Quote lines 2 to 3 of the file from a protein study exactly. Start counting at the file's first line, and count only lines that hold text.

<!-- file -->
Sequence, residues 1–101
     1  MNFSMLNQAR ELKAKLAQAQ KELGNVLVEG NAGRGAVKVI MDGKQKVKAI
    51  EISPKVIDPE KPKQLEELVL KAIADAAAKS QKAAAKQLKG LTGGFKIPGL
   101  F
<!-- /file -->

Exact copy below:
     1  MNFSMLNQAR ELKAKLAQAQ KELGNVLVEG NAGRGAVKVI MDGKQKVKAI
    51  EISPKVIDPE KPKQLEELVL KAIADAAAKS QKAAAKQLKG LTGGFKIPGL